5 steps to suc­cess and gen­uine well­be­ing

Meet­ing your spouse for the first time at the al­tar isn’t for ev­ery­one. But on Mar­ried at First Sight, it’s a chance at love. Emma Clifton talks to the ex­perts of the new Kiwi show about the se­crets for re­la­tion­ship suc­cess

NEXT (New Zealand) - - Contents -

SSo you’ve had some trouble in love. You’ve dated, maybe you’ve di­vorced, you’ve tried the apps, you’ve tried the old-fash­ioned method of going to a pub and chat­ting up the lo­cal tal­ent. But alas, no re­sults. There’s only one thing left to do, really. You have to put your fate into the hands of two strangers who’ll pick your match with­out your in­put and have you marry them im­me­di­ately in a full, tra­di­tional wed­ding in front of all of your friends and fam­ily. That’s the premise of global re­al­ity show Mar­ried At First Sight. Two sin­gles are matched by ex­perts, and the first time they lay eyes on each other is when they’re walk­ing down the aisle. And if you’re won­der­ing how many peo­ple would be in­ter­ested in do­ing this, the an­swer is: a lot. Over 4000 sin­gles put them­selves for­ward for the Kiwi ver­sion of the so­cial ex­per­i­ment, which starts Oc­to­ber 1st on TV3, and you have to ask, well, why? NEXT sat down with the show’s ex­perts, coun­sel­lor Tony Jones and se­nior lec­turer Dr Pan­teá ‘Pani’ Farvid, to have a frank dis­cus­sion about what makes a good TV re­la­tion­ship, why the dat­ing scene has changed so dras­ti­cally in the past five years and how you can im­prove your own re­la­tion­ship.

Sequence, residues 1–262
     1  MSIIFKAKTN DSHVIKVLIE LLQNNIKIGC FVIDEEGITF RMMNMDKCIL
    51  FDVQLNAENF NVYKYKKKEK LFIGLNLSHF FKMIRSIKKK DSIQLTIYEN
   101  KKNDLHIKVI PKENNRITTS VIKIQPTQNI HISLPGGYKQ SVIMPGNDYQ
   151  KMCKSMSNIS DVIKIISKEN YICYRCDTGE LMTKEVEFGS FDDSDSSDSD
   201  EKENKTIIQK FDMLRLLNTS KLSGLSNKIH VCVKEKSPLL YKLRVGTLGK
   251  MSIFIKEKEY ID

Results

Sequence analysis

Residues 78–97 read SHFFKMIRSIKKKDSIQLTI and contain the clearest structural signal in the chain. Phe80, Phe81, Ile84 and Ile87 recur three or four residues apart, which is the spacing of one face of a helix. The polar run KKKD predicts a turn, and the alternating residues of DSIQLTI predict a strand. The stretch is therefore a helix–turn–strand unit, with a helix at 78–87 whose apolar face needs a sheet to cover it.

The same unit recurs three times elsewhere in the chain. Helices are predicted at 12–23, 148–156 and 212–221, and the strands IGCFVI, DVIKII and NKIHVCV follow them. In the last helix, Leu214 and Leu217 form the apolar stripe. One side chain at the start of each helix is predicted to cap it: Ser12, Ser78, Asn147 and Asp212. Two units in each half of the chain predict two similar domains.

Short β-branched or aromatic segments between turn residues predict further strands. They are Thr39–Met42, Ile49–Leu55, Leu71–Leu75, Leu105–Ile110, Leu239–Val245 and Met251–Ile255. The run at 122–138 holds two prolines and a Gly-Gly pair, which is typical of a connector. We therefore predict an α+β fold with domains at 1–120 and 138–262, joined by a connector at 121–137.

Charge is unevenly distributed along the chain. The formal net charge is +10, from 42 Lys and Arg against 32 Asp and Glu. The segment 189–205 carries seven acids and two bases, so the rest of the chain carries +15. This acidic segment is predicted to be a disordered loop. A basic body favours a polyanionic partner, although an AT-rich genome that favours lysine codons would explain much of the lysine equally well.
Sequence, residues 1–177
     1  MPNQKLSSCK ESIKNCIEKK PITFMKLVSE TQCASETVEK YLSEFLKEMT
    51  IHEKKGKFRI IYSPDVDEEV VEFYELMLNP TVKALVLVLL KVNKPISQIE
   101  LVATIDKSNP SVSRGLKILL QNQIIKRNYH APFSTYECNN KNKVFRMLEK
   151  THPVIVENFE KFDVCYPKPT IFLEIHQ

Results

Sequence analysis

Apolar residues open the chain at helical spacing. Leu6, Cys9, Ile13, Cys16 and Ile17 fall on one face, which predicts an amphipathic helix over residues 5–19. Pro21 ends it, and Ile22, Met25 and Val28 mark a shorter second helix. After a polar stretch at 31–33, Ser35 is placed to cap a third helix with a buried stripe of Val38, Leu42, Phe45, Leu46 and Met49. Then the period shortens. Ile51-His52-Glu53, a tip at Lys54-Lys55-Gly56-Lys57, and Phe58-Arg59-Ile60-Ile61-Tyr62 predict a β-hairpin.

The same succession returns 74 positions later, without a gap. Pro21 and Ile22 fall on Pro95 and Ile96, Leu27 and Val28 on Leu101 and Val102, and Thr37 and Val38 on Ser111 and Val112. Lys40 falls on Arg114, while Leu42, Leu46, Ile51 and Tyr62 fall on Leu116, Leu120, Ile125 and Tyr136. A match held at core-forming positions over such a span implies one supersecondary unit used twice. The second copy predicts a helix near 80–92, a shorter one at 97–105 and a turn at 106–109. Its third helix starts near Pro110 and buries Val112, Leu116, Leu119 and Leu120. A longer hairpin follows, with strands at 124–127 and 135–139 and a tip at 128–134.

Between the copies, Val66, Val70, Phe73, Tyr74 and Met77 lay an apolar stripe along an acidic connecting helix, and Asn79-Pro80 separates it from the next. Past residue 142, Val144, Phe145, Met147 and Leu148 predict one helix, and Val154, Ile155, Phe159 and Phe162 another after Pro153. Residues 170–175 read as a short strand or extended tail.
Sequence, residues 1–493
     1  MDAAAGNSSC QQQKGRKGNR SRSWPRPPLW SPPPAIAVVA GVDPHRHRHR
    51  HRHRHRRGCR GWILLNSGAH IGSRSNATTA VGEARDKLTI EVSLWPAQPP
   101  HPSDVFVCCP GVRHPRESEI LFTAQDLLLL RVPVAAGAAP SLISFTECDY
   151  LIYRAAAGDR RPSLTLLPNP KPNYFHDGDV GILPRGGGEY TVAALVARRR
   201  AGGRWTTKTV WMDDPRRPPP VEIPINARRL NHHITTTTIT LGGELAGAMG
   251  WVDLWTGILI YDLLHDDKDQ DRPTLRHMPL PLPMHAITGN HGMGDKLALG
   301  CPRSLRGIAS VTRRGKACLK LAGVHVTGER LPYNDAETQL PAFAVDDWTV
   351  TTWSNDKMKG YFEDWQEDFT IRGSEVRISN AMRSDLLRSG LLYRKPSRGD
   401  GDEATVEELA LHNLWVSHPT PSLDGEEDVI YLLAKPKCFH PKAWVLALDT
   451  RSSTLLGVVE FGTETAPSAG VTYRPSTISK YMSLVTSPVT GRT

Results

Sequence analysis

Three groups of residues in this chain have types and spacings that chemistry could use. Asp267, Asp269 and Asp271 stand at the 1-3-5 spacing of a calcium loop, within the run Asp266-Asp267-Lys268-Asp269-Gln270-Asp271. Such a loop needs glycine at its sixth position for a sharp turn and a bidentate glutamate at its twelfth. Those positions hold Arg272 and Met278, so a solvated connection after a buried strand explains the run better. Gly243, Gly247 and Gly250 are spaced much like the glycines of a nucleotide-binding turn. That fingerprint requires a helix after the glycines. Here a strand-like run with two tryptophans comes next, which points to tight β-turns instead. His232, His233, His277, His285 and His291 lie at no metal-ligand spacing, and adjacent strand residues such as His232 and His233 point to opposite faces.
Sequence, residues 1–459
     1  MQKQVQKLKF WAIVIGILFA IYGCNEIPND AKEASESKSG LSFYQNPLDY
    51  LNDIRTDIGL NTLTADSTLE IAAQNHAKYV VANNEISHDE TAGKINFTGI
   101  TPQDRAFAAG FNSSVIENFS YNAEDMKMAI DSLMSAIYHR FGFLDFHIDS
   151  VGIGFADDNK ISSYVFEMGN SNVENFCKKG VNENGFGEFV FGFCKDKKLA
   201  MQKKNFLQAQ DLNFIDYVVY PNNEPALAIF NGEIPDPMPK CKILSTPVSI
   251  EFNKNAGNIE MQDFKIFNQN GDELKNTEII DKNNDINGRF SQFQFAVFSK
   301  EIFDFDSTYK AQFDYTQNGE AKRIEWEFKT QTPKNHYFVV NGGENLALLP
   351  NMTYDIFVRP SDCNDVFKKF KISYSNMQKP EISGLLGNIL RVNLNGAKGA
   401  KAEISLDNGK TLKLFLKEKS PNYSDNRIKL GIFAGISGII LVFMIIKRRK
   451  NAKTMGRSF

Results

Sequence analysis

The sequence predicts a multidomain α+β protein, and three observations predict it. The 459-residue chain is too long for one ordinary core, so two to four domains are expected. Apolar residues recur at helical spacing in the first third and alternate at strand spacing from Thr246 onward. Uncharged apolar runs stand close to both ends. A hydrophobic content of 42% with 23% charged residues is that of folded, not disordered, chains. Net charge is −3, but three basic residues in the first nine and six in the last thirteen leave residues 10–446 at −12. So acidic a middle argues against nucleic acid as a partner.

It’s the phrase that gets trot­ted out on ev­ery re­al­ity dat­ing show, but making sure some­one is there “for the right rea­sons” really is key, says Pani. “Will going through this show help them grow, help them work through some of the things that may have held them back from hav­ing their pre­vi­ous re­la­tion­ships work?”

Find­ing the show’s sin­gles is a care­ful process. A panel went through ev­ery­one who ap­plied and se­lected a group of po­ten­tial con­tes­tants. They then had to fill out ques­tion­naires about ev­ery­thing and any­thing in their life – what they wanted, what had gone wrong in their past, etc. Then a Skype in­ter­view with the psy­chol­o­gists, then face-to-face meet­ings, then psy­cho­me­t­ric test­ing of their per­son­al­ity types, at­tach­ment styles, com­mu­ni­ca­tion styles, con­flict res­o­lu­tion styles and their love lan­guages.

Newspapers in English

Newspapers from New Zealand

© PressReader. All rights reserved.